The “Accidental Rudeness” of the British

By Melanie Newton “… yet, sadly, accidental rudeness occurs alarmingly often… Best to say nothing at all, my dear man.” (Albus Dumbledore, Harry Potter and the Half Blood Prince) We may never know the name of the person who recorded and uploaded an August 9 BBC television news segment, in which anchorwoman Fiona Armstrong interviewed the Trinidadian born journalist and black British community spokesperson Darcus Howe.

Freedom and Education

Alissa Trotz is Editor of the In the Diaspora Column In a letter written in the August 3rd edition of the Stabroek News, ‘One must prize freedom and use it to make proper choices,’ Pastor Darion Comacho offers a number of interesting reflections on the theme of freedom, some of which we will return to in future diaspora columns.

Mudheads in Barbados: A Lived Experience

By Linden Lewis Linden Lewis is Professor of Sociology at Bucknell University. This is an adapted version of an essay, ‘Jack Muh Nanny Gap,’ that appeared in the most recent issue of “BIM: Arts for the 21st Century,” Volume 4, no.2.

Addressing Domestic Violence: How about Starting with Women?

Alissa Trotz is editor of the Diaspora Column In her column last Saturday in the Stabroek News, Stella Ramsaroop shared with readers some of the text from her interviews with three Presidential candidates – David Granger (APNU), Donald Ramotar (PPP), Khemraj Ramjattan (AFC) – on the question of how each of them would address domestic violence.

Living our Lives Wholly in the World: Tributes to Robert Carr

In last week’s column, ‘Homosexuals, Dirty Words…and Me,’ award-winning US based Guyanese singer Nhojj spoke of the dangers of living in a world that can “never reflect the full spectrum of our lives,” cutting us off not only from each other but from parts of ourselves.

Radical Labour: Another Reflection

Alissa Trotz is editor of the In the Diaspora Column. Over the weekend both Stabroek News and Kaieteur News ran important pieces that addressed the significance of May Day, now celebrated all over the world.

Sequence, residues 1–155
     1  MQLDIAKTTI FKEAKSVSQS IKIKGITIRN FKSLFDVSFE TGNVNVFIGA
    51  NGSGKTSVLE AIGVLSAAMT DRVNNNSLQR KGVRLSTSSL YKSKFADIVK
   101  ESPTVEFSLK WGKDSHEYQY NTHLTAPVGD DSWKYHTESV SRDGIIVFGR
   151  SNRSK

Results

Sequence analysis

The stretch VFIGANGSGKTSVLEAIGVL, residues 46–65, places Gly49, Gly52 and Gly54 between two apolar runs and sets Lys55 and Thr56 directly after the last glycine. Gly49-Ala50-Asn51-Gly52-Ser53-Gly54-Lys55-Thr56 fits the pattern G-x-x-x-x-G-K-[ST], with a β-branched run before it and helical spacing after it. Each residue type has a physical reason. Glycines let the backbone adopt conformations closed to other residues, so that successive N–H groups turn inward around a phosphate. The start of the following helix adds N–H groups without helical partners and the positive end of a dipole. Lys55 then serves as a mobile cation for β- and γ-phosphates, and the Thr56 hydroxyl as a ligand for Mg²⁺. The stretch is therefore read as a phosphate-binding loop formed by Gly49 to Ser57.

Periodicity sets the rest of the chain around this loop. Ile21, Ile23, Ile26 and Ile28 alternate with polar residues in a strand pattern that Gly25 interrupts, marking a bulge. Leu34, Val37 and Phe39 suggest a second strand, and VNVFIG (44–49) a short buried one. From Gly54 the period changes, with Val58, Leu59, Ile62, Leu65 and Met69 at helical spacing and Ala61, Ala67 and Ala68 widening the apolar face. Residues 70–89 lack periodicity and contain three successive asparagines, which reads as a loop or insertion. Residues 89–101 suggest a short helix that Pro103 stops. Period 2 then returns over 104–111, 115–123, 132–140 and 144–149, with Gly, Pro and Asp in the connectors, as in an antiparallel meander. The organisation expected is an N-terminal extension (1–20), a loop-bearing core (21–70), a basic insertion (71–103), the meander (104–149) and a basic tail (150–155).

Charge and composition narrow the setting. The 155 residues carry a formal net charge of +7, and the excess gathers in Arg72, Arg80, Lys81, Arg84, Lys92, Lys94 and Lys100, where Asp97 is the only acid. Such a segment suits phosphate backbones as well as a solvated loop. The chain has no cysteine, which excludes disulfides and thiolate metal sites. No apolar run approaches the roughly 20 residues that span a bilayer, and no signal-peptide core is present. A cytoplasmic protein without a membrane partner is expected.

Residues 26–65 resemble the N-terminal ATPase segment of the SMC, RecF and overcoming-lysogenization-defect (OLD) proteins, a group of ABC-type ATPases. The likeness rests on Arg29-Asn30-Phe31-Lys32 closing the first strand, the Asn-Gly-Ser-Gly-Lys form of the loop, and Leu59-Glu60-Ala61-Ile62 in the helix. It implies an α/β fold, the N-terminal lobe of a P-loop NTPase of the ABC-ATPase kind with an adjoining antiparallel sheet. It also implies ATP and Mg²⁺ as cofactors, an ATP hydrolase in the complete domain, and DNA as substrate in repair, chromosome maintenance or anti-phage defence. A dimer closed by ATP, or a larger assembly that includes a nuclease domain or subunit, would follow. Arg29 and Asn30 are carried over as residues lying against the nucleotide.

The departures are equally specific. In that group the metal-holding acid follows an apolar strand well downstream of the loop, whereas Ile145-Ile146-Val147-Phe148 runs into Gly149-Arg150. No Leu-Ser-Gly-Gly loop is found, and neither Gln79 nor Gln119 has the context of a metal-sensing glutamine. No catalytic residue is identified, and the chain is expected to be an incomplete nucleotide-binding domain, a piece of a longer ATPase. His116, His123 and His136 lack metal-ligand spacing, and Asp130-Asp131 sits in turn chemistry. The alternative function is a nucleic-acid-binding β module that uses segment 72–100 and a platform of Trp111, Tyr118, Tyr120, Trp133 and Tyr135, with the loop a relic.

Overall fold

On Vybz Kartel, Social Leadership and Stolen Laptops

By Danielle Toppin In her work with Sistren Theatre Collective of Jamaica, Danielle Toppin focuses on mainstreaming gender into the composition of the grassroots organizations’ work, as well as on designing and facilitating workshops on gender, culture and identity.

James Douglas, Canada, and Guyana

Adele Perry is Associate Professor of History and Canada Research Chair in Western Canadian Social History at the University of Manitoba. 

Wisdom and politics: Lessons for Bharrat Jagdeo

By Cary Fraser Cary Fraser is a regular contributor to the Trinidad and Tobago Review and writes on international relations in the Middle East, American foreign policy, and Caribbean history.

The problem with Africans and Arabs

As an Ethiopian who spent the better part of my youth in Guyana, this article is written in the spirit of international solidarity articulated by the likes of Walter Rodney and other members of the Dar es Salaam school.

Not Even One Token Woman!

Carolyn Cooper is Professor of Literary and Cultural Studies at the University of the West Indies, Mona, Jamaica.  

Reporting Live From the Land of Plenty

By Kevin de Silva Kevin De Silva is a second generation Guyanese-Canadian, and a student of Political Science and Caribbean Studies at the University of Toronto.